Reading time: 61 seconds
Reading body language is a science. For example if someone is listening to you with their arms folded, they may be subconsciously protecting themselves or simply resting in a relaxed, self-hug posture.
If you want to discover the rate at which something is travelling, you would multiply the distance by the time (R=DxT). For example, if you’re travelling a distance of 100 kilometers during the time period of one hour, you’re traveling at a rate of 100 km/h.
You lose one pound of body fat by burning 3500 calories. For example if you walked for 30 minutes per day, burning an average of 200 calories per walk, you could release almost 21 pounds in a year.
You can play to win or you can play not to lose. For example, in hockey, when you’re ahead 2:1, you can put your focus on securing a safety goal OR focus on defending your net.
Sounds like I’m jumping around in subject matter but my subject is actually about giving examples.
If I simply gave you the facts about body language, rates, calories or game plans, you may not see the entire value of what I’m presenting. By using an example I’m making my point relevant in real life situations to support both the fact and the learning.
Aha – we learn from the story about the fact.
Facts and data are how computers are programmed but we humans respond to stories.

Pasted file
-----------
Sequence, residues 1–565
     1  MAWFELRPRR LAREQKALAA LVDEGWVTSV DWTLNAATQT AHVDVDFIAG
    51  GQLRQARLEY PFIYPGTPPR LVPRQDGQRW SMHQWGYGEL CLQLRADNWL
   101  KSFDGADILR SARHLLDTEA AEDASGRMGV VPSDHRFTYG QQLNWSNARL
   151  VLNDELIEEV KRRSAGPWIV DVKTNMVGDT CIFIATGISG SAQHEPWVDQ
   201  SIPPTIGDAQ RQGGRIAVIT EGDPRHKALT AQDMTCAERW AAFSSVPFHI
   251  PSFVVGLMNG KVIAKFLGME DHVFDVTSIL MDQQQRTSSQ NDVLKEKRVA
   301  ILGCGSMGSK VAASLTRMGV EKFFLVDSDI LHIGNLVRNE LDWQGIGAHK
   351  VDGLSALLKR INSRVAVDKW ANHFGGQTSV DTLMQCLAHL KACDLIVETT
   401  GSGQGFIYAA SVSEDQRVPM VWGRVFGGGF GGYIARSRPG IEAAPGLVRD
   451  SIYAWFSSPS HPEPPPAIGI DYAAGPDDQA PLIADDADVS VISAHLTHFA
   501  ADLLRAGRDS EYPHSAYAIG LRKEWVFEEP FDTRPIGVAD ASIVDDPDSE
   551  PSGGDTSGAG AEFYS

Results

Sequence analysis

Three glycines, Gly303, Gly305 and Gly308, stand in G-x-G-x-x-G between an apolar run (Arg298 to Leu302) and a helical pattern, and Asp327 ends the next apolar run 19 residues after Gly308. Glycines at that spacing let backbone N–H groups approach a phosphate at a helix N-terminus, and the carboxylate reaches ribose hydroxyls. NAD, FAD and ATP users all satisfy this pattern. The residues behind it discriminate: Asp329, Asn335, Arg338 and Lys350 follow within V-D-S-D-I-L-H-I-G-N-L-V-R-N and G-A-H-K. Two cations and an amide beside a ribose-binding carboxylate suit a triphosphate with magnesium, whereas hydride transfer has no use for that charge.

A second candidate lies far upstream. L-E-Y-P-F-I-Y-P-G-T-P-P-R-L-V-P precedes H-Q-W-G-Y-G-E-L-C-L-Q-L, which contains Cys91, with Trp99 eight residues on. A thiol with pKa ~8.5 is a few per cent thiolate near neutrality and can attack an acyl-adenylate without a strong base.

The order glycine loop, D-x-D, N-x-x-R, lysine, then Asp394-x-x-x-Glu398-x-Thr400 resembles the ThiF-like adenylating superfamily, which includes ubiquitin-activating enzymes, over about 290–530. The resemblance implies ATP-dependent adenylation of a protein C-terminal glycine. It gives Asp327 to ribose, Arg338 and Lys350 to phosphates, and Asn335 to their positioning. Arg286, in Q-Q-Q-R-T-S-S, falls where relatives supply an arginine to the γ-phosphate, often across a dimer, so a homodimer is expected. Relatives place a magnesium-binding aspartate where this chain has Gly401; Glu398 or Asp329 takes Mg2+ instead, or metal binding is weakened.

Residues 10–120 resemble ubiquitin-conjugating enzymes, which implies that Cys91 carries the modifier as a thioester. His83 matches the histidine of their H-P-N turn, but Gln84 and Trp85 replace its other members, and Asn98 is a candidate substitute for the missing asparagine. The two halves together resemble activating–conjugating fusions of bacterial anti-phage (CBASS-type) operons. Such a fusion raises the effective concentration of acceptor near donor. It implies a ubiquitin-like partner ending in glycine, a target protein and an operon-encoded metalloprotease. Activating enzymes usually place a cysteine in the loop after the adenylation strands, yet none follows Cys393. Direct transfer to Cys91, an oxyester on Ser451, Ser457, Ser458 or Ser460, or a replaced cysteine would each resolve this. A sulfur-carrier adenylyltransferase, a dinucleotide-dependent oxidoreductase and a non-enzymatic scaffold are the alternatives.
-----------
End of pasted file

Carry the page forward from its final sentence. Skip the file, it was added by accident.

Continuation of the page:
“Example isn’t another way to teach, it is the only way to teach.” Albert Einstein
In grade 11 physics class, when the teacher put a number of formulae on the board, I remember thinking, “Man (we said that in those days), how am I going to remember all of these equations?”
But by the teacher citing examples and us working through the examples by plugging in different variables of real life situations, the equations made sense.
Without the examples, I might have simply memorized the equations as opposed to actually learning them.
An audience will usually remember two things from your presentation: statistics and stories.
By presenting fact after fact after fact, you may be delivering amazing content, but without the stories your audience may not grasp the magnitude of the points you’re making.
Make a point, tell a story, make a point, tell a story, make a point, tell a story … rock on!